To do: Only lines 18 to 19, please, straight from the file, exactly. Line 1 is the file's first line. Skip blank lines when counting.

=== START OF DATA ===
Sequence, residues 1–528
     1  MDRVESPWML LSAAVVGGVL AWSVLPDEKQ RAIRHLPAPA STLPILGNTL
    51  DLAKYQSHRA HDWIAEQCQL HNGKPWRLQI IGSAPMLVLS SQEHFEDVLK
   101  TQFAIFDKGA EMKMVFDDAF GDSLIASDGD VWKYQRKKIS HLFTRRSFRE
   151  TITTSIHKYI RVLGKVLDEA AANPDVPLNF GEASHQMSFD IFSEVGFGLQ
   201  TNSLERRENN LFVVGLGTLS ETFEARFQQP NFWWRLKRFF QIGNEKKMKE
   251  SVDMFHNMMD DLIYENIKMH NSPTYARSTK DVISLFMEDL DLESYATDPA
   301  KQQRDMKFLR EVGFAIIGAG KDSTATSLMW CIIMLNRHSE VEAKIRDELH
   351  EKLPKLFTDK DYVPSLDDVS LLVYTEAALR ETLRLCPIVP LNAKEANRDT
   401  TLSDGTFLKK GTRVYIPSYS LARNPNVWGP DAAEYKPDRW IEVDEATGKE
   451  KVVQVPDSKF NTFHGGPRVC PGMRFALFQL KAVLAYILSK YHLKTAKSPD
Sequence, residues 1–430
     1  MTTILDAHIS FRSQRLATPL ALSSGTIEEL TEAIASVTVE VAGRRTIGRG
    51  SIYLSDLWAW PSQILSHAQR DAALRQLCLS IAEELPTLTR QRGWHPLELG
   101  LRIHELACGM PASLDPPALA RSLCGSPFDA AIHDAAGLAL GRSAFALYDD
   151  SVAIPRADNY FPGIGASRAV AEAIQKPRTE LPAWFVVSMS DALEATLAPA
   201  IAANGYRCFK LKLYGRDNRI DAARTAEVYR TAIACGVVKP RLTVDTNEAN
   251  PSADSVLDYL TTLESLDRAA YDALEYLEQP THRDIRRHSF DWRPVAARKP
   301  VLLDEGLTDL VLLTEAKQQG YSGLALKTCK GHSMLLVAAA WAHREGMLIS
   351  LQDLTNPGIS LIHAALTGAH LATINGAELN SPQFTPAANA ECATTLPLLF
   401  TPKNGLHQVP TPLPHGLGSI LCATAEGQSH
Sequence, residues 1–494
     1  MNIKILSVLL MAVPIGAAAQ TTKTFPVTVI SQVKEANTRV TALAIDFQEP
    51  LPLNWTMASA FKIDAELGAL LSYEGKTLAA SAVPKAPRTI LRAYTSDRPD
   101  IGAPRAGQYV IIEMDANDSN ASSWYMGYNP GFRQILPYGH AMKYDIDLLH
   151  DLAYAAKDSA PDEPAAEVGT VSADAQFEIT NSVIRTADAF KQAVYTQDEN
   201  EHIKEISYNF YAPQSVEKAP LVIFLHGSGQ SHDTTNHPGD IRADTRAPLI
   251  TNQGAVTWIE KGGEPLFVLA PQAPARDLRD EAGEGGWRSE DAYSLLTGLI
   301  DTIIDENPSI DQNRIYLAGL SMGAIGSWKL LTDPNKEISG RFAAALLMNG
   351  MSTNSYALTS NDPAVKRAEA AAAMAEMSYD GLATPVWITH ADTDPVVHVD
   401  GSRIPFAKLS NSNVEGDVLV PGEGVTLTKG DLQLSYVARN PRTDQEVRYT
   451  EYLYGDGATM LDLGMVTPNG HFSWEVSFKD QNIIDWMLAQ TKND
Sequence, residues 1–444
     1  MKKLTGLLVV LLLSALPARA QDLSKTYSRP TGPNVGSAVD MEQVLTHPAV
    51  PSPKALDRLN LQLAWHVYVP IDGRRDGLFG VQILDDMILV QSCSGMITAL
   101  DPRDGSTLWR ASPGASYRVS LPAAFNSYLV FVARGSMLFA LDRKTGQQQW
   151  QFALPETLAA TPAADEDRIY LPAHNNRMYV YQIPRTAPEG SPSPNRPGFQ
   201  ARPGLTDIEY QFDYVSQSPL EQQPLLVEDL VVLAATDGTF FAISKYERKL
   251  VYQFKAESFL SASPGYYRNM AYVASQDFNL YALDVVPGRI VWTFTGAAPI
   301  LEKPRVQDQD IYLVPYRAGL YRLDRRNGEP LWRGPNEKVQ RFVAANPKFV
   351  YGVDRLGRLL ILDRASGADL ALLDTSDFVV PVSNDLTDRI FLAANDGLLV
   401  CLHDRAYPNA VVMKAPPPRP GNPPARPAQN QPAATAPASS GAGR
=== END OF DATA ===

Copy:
   251  PSADSVLDYL TTLESLDRAA YDALEYLEQP THRDIRRHSF DWRPVAARKP
   301  VLLDEGLTDL VLLTEAKQQG YSGLALKTCK GHSMLLVAAA WAHREGMLIS